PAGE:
I have found that as each day begins if I, (1) open myself to the presence of God; (2) use my awakening thoughts as one of thanksgiving; (3) and then wait for His Spirit, that my day is beautiful because I will it so. And then I can go forth with a good spirit and with power to serve, to fight wrong and to love. The morning dawns bright even though the sun may not shine because I have the feeling of being alive and of belonging.

Each day can be powerful as we find ourselves in tune with the Master Force, doing His Will and His Work. Our day depends on us.


Dear Lord, your great prophet, Isaiah, has said “They that wait upon the Lord shall renew their strength; they shall mount up with wings like eagles; they shall run, and not be weary, and they shall walk, and not faint.” We want this for your children today; help us to learn to open our hearts and wait for you each new day; and give us strength to meet the challenges that come with each new day. Amen.

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Daily Lent Devotions from Church Street UMC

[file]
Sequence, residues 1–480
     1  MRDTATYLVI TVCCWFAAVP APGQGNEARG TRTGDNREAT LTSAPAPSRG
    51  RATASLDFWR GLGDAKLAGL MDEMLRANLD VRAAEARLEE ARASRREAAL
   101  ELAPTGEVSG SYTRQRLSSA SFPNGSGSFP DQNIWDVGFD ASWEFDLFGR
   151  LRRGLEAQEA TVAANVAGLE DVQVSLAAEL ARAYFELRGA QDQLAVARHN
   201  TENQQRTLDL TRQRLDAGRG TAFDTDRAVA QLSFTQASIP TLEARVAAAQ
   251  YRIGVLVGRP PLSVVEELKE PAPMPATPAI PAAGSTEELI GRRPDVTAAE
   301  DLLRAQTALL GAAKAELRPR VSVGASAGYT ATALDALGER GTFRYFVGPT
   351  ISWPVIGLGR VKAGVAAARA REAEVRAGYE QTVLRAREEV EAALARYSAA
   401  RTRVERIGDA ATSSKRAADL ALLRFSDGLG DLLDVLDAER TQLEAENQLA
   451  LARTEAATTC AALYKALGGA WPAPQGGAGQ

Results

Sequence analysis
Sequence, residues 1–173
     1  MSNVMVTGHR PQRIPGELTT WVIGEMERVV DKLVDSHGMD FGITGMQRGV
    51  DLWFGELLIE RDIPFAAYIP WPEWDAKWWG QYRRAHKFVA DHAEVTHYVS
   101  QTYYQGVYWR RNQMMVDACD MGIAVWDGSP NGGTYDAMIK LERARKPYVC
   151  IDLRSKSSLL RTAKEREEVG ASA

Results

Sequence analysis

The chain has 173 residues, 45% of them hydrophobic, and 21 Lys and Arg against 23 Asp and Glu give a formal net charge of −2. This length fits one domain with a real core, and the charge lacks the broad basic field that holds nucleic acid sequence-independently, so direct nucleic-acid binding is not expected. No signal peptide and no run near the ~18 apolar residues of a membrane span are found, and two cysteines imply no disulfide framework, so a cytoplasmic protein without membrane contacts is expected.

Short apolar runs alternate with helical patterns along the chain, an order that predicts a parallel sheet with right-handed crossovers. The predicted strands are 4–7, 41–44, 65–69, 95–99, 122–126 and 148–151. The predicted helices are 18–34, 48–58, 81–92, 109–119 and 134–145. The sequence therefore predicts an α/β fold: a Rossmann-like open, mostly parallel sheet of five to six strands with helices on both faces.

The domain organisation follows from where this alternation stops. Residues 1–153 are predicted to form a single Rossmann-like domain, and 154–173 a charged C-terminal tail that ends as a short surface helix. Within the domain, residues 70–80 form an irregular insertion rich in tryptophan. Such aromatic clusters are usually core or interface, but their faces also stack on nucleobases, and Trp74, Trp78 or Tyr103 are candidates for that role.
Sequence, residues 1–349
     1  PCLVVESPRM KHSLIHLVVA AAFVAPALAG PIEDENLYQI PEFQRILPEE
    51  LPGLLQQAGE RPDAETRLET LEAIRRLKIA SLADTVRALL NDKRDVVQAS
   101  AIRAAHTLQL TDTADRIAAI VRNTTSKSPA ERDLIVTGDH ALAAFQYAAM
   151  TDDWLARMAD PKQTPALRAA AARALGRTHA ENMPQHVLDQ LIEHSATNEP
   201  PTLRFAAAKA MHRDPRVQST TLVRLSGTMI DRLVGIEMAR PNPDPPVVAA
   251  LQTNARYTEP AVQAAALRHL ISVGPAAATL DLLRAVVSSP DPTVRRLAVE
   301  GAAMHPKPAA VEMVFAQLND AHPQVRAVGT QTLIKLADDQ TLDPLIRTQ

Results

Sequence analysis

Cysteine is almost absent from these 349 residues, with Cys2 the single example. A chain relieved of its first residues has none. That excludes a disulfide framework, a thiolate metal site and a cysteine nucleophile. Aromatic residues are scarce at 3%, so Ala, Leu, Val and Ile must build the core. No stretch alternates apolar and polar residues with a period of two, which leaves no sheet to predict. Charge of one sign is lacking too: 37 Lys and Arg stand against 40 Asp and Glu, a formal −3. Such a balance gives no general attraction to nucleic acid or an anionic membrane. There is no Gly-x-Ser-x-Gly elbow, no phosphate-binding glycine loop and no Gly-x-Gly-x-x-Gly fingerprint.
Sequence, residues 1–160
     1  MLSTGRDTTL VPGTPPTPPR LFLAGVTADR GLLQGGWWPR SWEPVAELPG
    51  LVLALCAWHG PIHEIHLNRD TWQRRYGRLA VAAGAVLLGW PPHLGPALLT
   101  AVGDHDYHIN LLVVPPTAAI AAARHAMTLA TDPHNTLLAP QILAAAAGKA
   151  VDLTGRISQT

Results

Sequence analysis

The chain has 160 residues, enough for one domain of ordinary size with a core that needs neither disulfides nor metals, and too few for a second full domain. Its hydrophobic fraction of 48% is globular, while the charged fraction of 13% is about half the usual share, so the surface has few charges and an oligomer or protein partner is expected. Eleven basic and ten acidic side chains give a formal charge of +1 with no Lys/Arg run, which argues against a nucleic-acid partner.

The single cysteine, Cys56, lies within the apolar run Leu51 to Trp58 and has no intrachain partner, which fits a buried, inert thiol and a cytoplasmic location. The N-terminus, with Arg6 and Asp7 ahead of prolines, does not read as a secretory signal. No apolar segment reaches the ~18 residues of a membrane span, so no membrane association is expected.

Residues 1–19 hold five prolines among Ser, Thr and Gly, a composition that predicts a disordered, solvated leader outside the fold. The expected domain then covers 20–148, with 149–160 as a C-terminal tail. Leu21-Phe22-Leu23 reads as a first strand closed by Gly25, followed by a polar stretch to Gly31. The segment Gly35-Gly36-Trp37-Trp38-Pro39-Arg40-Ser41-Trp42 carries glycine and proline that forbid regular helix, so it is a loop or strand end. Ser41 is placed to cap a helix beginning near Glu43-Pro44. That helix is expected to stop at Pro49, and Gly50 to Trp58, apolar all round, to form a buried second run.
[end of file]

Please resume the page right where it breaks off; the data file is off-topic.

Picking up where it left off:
Saturday, February 27

By Gene Flinter, April 2, 2017

The Companion

Read: John 14:15-17 NIV 

 If you love me, keep my commands. And I will ask the Father, and he will give you another advocate to help you and be with you forever—the Spirit of truth. The world cannot accept him, because it neither sees him nor knows him. But you know him, for he lives with you and will be in you.”

Our world is in turmoil. However, with the assistance of Christ and the Holy Spirit in opening our hearts and minds, we may visualize a healed planet.

Find a quiet place, sit or stand, take some deep breaths and then perform the following visualization:

Visualize our church and its staff and members in an embracing silver light and then filter in a golden light. Hold for a minute or so… Expand the same sequence to the residents of our state, country and world (continent by continent)… Then, embrace our planet in the silver/golden light with its oceans, forests, jungles and deserts. Include the sea and mammal life that also inhabits the earth.


Come Holy Spirit, kindle our hearts and minds with a heavenly fire, so that we may open them to renew the face and health of our world. Inspire us to avoid anger and judgment to all persons that we may encounter. Instead, let us embrace them with love and kindness. With Jesus, the hierarchy of angels and the Father and Mother of the world, we request your blessings throughout our lives. Amen.